Congressman Brian Baird, D-Wash., has re-introduced a bill in Congress that would ensure the public and members of Congress have adequate time to review legislation before it comes up for a vote.
Under the provisions of House Resolution 554, all bills and conference reports would be available on the Internet for 72 hours prior to a floor vote.
Baird has repeatedly pushed for more openness and transparency in Congress for all the right reasons. But his efforts have been rebuffed by both Republicans, when they were in charge, and now by Democrats, who have the majority in Congress.
The public is ill-served by today’s secrecy. Mistakes are made and legislation is not fully vetted before it’s signed into law. Democracy suffers. That’s why it’s imperative that Baird’s legislation be adopted.
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Members of Congress have both a responsibility and a right to review and read legislation before casting a vote. And every member of the public deserves the same right.
But that’s not the practice in Congress – or in the Washington state Legislature, for that matters.
Often bills are rushed to the floor of legislative chambers without the opportunity for lawmakers or members of the public to properly digest and debate the contents.
Baird said the most egregious example he witnessed in the House was an appropriations bill that was literally 3 feet high. Only three copies of that budget bill were printed – one for the Democrats, one for Republicans and one for the chief clerk of the House. In less than 10 hours, that bill, spending billions of tax dollars, was brought to the floor for a vote.
How many of the 435 members of Congress had time to study it?
Clearly, not many, because as Baird remembers that legislation had a little clause inserted into it that would allow any member of the Ways and Means staff to look at any American’s income tax statement for any reason.
When word got out, Baird said, a special session had to be called to overturn that invasion of privacy.
Baird said bills are generally rushed to a vote for two reasons:
One is so that members of the majority party can go home to their congressional districts and trumpet their legislative successes.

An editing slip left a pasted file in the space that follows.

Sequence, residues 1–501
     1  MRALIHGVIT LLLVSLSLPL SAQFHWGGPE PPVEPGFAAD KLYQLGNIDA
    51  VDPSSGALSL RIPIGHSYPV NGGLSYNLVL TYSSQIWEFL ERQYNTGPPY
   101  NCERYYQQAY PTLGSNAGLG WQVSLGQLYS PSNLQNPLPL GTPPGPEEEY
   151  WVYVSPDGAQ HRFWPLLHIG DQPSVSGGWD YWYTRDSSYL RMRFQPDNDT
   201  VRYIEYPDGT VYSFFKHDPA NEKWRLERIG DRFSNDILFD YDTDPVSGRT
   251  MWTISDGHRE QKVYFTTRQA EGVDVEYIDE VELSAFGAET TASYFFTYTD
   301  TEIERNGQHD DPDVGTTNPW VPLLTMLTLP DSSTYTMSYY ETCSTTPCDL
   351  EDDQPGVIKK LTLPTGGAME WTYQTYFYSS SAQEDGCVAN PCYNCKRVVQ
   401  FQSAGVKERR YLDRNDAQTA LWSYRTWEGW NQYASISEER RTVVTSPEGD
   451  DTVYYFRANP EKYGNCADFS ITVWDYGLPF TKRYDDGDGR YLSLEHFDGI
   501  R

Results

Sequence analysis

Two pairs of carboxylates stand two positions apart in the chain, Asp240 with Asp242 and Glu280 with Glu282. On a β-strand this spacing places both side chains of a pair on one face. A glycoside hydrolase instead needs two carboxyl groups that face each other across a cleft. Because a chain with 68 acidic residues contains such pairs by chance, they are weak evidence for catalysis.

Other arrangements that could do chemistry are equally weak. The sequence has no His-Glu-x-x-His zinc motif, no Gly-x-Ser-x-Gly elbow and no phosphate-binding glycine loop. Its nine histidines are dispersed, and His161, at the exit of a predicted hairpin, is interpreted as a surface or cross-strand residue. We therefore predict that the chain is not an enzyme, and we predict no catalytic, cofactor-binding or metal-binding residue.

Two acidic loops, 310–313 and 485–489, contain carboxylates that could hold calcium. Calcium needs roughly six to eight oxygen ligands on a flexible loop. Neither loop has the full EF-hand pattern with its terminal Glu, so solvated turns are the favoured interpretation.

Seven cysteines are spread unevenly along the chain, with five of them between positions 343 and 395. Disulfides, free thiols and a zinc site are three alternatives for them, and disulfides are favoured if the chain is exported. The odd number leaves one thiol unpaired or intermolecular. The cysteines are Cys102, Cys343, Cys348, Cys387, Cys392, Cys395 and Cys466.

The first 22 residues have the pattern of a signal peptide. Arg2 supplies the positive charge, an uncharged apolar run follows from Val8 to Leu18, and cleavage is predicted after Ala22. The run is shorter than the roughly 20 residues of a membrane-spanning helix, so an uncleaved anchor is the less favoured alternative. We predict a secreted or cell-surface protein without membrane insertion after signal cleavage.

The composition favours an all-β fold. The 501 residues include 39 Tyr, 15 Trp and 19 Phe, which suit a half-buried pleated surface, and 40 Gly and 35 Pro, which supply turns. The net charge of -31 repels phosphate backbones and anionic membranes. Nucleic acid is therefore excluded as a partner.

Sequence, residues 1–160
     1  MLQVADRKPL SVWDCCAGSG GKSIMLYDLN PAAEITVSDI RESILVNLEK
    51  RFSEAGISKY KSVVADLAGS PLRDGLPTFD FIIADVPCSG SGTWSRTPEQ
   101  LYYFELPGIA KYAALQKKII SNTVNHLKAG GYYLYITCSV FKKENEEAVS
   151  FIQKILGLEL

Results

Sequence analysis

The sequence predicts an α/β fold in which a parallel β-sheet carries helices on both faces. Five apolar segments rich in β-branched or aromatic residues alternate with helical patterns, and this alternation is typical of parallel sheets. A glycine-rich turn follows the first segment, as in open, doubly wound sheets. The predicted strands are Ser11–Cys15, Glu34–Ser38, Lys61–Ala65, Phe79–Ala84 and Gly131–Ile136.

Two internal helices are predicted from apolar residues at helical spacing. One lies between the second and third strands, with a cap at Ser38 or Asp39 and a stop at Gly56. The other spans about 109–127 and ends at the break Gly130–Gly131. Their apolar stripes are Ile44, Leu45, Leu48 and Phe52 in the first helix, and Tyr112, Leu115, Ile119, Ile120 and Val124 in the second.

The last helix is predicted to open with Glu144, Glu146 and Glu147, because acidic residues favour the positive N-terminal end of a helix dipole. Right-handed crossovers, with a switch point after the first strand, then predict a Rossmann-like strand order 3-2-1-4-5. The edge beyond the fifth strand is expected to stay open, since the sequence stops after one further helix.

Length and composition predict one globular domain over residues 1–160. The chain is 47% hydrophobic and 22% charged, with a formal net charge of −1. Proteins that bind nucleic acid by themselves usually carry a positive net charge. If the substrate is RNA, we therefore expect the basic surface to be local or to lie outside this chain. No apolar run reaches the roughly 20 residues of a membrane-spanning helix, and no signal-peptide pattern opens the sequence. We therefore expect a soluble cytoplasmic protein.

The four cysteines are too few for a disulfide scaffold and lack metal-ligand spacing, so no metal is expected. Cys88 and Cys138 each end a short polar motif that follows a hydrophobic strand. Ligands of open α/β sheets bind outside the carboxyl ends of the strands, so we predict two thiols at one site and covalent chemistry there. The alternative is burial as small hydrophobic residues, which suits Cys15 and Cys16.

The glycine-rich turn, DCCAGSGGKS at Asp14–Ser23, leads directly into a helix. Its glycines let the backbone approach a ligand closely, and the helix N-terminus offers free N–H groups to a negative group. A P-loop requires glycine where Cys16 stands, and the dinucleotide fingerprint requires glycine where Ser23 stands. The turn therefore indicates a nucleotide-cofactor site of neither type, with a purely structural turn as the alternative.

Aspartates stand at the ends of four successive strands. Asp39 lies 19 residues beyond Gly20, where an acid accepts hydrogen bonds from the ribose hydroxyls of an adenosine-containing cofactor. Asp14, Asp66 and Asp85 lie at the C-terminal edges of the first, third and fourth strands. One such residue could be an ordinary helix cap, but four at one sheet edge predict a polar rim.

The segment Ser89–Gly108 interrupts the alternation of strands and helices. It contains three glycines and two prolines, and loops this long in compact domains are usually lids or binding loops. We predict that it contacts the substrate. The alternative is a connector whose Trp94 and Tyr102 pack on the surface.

The second reason to rush a vote is so the details of the legislation won’t be made public and the opposition won’t have an opportunity to develop its case against the proposal.
“I don’t think either one of those reasons is sound,” Baird said.
The Third District congressman, who represents Olympia and southwest Washington in D.C., said he has been raising a stink on this issue since Republicans were in control and he’s not going to stop now that his party holds the majority. “Our party is a slight bit less bad, but not greatly so,” Baird said. “We’re equally guilty.”
He lists four reasons why bills should be available on the Internet for a full 72 hours before a congressional vote:
• The public notice will modernize the operations of the House by using information technology that has transformed and increased the efficiency of many aspects of American society.
• It will slow the explosive growth of the $11 trillion national debt.
• It will enhance public participation in American democracy and improve the quality of proposed legislation by allowing the opportunity for its review.
• It will help restore public trust in government and enhance respect for Congress by ensuring that its “operations are conducted with the openness, order, and dignity befitting the world’s oldest democracy.”
When asked about the chances of passing his 72-hour notification bill, Baird laughed. He said, “I have the entire Republican party with me on this.”
Baird said his intent this year is to get many more Democratic co-sponsors in an effort to push congressional leaders to bring H.R. 554 to a vote.
“This is one of those bills that if it was brought to the floor, it would pass with broad bipartisan support. Who would vote against it?” Baird asks.
Getting the bill to the floor will be the challenge. If Congress is at all interested in restoring public trust and confidence in its operations, the members will pass Congressman Baird’s 72-hour rule.